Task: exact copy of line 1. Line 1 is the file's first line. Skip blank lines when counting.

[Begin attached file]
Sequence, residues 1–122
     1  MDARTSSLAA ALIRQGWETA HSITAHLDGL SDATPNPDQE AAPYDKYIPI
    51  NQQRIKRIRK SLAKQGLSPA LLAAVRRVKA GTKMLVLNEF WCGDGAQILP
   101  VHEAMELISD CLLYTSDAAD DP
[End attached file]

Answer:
Sequence, residues 1–122